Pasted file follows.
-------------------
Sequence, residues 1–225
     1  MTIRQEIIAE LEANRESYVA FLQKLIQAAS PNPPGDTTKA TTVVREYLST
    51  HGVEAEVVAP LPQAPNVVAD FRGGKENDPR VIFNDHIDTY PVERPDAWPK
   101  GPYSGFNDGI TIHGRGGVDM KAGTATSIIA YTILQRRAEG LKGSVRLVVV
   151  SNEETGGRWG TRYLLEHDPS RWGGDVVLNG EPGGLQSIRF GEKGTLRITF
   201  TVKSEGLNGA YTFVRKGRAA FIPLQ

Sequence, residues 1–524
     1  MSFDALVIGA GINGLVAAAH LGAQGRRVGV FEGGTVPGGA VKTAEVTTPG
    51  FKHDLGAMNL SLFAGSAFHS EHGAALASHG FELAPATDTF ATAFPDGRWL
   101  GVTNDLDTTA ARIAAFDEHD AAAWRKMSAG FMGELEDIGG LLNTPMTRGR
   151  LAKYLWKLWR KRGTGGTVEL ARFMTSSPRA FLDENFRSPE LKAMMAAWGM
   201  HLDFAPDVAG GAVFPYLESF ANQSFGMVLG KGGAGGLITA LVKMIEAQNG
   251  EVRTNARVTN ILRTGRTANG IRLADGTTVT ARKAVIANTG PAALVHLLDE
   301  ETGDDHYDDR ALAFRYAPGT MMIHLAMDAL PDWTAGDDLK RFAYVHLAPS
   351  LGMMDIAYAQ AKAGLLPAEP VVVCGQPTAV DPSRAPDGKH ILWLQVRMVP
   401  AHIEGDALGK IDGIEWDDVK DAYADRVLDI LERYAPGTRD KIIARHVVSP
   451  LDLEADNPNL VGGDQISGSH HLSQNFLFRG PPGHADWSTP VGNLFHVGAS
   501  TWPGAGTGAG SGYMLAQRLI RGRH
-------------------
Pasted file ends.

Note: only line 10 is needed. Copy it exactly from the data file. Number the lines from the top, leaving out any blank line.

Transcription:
   101  GVTNDLDTTA ARIAAFDEHD AAAWRKMSAG FMGELEDIGG LLNTPMTRGR